We need a reality check for the proposed new stadium

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By Keli‘i Akina

Let me just cut to the chase: In the spirit of wise spending, it’s time that our lawmakers take a closer look at the proposed New Aloha Stadium Entertainment District and really ask themselves if it is an appropriate use of our ever-dwindling state funds.


See, being a steward of taxpayer money carries with it a certain responsibility to avoid wasteful spending, excessive debt and other policies that can become a burden on taxpayers, as well as questioning the so-called sunk-cost fallacy that leads to spending more money on questionable projects simply because so much money has already been spent on them.

Keli’i Akina

Earlier this year, Gov. Josh Green wisely decided to abandon the idea of putting the full cost of a new stadium on the state — opting instead for a plan that would limit the state’s investment to $400 million; form a public-private partnership to complete the new stadium’s construction, operation and maintenance; and create a mixed-use development district.

Given the expense and difficulties involved in the original plan, backing away from a heavy financial commitment to a New Aloha Stadium Entertainment District was the right move.

But even the slimmed down plan is worrisome. Concerns about its financial feasibility have some people wondering whether we’ll ever see a new stadium, much less be able to watch University of Hawaii football games there by 2028, as has been promised.

No doubt the vision for a new stadium has some attractive features. Who can argue with new sporting and other events set in a thriving neighborhood that will include affordable housing, retail outlets and restaurants, as well as easy accessibility via the Skyline — aka the over-budget and behind-schedule Honolulu rail.

Speaking of which, our experience with the still-unfinished rail has done nothing but teach us that promises are not guarantees, and that big government projects tend to come with unexpected costs and delays. Fancy new stadiums might garner a lot of public support, but the promises of additional revenues generated by sports and other events rarely pan out.

Even UH officials seem to be having doubts about the need for a new stadium in Halawa. Since Aloha Stadium closed in December 2020, they have been upgrading their on-campus T.C. Ching Field to accommodate football games, and for a variety of reasons, they might be better off for doing so.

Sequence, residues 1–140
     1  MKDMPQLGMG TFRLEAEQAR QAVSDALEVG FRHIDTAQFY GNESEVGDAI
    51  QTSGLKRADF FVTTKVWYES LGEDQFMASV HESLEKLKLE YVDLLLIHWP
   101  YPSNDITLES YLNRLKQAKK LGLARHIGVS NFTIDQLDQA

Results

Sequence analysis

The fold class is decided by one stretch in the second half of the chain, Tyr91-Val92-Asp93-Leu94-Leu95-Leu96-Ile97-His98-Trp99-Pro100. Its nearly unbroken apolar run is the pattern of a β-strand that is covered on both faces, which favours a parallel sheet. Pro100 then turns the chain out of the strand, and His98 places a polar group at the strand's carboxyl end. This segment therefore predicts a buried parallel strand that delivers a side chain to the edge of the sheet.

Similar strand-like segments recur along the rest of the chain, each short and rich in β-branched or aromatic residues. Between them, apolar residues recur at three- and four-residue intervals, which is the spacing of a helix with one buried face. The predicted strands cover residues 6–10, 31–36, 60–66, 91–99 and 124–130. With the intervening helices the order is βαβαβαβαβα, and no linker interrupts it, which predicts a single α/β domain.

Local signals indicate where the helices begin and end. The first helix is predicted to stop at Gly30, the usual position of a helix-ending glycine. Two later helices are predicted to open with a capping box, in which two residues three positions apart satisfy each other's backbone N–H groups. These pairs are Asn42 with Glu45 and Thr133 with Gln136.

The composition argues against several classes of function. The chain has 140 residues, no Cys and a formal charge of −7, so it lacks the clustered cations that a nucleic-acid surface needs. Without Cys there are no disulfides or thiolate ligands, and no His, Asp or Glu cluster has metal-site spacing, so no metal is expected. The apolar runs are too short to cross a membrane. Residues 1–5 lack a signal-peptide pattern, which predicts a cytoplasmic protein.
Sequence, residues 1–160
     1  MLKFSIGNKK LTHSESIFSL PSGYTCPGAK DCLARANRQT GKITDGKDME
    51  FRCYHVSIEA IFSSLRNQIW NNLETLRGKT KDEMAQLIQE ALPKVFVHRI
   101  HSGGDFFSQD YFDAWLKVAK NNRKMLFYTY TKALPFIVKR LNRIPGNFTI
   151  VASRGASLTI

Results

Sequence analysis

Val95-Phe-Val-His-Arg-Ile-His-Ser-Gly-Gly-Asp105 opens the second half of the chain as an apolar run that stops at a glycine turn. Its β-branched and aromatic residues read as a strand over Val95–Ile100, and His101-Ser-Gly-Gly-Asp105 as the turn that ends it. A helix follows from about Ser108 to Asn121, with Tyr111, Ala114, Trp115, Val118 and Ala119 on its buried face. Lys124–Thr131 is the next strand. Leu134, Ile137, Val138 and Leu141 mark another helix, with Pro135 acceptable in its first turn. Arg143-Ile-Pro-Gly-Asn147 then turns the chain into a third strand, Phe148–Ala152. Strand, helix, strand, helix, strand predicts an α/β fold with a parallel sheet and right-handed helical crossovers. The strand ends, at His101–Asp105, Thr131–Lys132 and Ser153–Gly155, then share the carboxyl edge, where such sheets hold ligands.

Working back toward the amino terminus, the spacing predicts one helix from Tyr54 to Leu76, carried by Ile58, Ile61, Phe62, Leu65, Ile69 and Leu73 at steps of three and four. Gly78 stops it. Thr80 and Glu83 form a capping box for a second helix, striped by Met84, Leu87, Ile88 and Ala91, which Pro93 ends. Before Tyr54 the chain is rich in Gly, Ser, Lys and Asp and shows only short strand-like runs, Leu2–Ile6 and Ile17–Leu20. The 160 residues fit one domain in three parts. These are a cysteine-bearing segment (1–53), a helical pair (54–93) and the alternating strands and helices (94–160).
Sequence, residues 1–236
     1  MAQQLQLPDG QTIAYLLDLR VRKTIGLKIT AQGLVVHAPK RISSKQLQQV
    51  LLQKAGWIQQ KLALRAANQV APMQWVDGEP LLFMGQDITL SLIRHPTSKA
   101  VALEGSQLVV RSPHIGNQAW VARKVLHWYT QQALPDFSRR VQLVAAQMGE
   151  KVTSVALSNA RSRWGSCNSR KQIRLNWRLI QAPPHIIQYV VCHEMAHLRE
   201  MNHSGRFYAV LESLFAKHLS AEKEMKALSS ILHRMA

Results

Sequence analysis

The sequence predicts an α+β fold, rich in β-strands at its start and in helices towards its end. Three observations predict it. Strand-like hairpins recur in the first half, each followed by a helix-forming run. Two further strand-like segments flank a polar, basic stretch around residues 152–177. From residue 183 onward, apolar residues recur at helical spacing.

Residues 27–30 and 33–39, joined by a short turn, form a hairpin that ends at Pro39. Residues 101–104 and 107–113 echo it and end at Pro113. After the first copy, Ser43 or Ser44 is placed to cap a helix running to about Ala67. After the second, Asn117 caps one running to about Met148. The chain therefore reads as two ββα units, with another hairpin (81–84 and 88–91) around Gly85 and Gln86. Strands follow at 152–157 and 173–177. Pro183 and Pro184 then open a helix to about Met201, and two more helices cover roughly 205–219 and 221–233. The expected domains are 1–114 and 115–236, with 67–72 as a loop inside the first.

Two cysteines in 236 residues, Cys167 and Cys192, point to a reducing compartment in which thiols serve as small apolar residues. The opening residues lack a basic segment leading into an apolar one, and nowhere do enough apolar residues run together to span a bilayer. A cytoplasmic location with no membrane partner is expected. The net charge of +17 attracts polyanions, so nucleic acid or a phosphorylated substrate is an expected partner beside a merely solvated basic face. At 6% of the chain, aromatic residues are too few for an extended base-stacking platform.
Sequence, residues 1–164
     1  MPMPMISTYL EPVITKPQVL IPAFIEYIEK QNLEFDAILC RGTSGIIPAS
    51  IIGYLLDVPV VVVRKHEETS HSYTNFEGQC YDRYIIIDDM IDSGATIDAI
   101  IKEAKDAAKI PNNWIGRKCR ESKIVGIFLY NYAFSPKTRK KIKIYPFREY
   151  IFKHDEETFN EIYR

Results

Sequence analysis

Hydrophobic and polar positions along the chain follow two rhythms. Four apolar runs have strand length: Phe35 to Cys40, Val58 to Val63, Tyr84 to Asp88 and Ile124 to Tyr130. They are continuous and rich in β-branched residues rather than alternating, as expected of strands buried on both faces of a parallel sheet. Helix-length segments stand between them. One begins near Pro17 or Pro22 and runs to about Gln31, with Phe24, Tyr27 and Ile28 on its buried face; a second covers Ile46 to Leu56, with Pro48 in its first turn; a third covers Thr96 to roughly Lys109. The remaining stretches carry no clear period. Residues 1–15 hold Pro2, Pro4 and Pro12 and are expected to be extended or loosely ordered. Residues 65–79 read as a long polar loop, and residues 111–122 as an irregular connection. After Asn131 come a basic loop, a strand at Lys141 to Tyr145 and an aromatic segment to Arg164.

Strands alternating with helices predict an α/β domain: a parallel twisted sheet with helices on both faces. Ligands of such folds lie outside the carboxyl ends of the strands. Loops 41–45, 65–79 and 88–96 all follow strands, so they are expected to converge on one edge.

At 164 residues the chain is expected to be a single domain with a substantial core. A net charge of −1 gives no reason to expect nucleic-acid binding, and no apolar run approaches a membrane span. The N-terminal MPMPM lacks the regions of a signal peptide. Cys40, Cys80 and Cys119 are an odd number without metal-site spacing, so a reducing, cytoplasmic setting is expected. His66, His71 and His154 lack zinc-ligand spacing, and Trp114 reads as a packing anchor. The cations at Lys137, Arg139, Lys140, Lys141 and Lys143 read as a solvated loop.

A main advantage is that UH now receives 100% of the revenues from its football games on campus, and does not have to negotiate leases and schedules with a separate stadium authority.

The point is, no matter how big of a UH fan you might be, building a brand new stadium in Halawa mainly to host football games for Oahu residents is not sufficient reason to take on a big project like the proposed New Aloha Stadium Entertainment District.

The issue is not whether we like the vision behind New Aloha Stadium Entertainment District — or whether it would be a nice place to watch a game. Instead, it is whether a new stadium and accompanying mixed-use development would be the best use of that land and hard-to-obtain taxpayer dollars.

There is nothing wrong with changing our minds before sinking yet more money and time into an uncertain project. Especially in light of the state’s ever-changing economic conditions — such as those caused by the destructive and deadly Maui wildfires in August — taking a new look at the New Aloha Stadium Entertainment District proposal is the most fiscally responsible move our leaders could take.

Let’s not fall for all the hype and get distracted by yet another shiny object. Hawaii has so many other issues that better deserve our attention and our limited taxpayer dollars.

Keli‘i Akina is president and CEO of the Grassroot Institute of Hawaii.



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Grassroot Institute of Hawaii is a nonprofit, nonpartisan research institute dedicated to the principles of individual liberty, the free market and accountable government. Through research papers, policy briefings, commentaries and conferences, the Institute seeks to educate and inform Hawaii's policy makers, news media and general public. Committed to its independence, the Grassroot Institute of Hawaii neither seeks nor accepts government funding. The institute is a 501(c)(3) organization supported by all those who share a concern for Hawaii's future and an appreciation of the role of sound ideas and more informed choices.

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